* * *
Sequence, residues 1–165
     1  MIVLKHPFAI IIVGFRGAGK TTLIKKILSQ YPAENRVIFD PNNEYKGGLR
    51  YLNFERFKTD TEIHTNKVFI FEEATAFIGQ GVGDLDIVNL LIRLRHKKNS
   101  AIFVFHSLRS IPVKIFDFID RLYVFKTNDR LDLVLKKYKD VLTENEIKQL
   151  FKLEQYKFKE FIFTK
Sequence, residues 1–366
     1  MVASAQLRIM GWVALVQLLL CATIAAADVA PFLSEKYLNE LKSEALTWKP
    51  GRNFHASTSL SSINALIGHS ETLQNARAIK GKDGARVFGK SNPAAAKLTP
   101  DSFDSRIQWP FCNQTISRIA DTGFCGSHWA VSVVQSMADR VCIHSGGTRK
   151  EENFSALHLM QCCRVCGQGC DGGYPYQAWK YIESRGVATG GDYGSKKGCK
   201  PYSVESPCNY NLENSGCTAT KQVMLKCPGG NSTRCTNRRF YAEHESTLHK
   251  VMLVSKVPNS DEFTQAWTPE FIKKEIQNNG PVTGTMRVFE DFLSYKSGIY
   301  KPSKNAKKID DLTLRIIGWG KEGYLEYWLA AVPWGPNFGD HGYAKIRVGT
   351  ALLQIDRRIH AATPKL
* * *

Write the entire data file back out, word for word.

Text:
Sequence, residues 1–165
     1  MIVLKHPFAI IIVGFRGAGK TTLIKKILSQ YPAENRVIFD PNNEYKGGLR
    51  YLNFERFKTD TEIHTNKVFI FEEATAFIGQ GVGDLDIVNL LIRLRHKKNS
   101  AIFVFHSLRS IPVKIFDFID RLYVFKTNDR LDLVLKKYKD VLTENEIKQL
   151  FKLEQYKFKE FIFTK
Sequence, residues 1–366
     1  MVASAQLRIM GWVALVQLLL CATIAAADVA PFLSEKYLNE LKSEALTWKP
    51  GRNFHASTSL SSINALIGHS ETLQNARAIK GKDGARVFGK SNPAAAKLTP
   101  DSFDSRIQWP FCNQTISRIA DTGFCGSHWA VSVVQSMADR VCIHSGGTRK
   151  EENFSALHLM QCCRVCGQGC DGGYPYQAWK YIESRGVATG GDYGSKKGCK
   201  PYSVESPCNY NLENSGCTAT KQVMLKCPGG NSTRCTNRRF YAEHESTLHK
   251  VMLVSKVPNS DEFTQAWTPE FIKKEIQNNG PVTGTMRVFE DFLSYKSGIY
   301  KPSKNAKKID DLTLRIIGWG KEGYLEYWLA AVPWGPNFGD HGYAKIRVGT
   351  ALLQIDRRIH AATPKL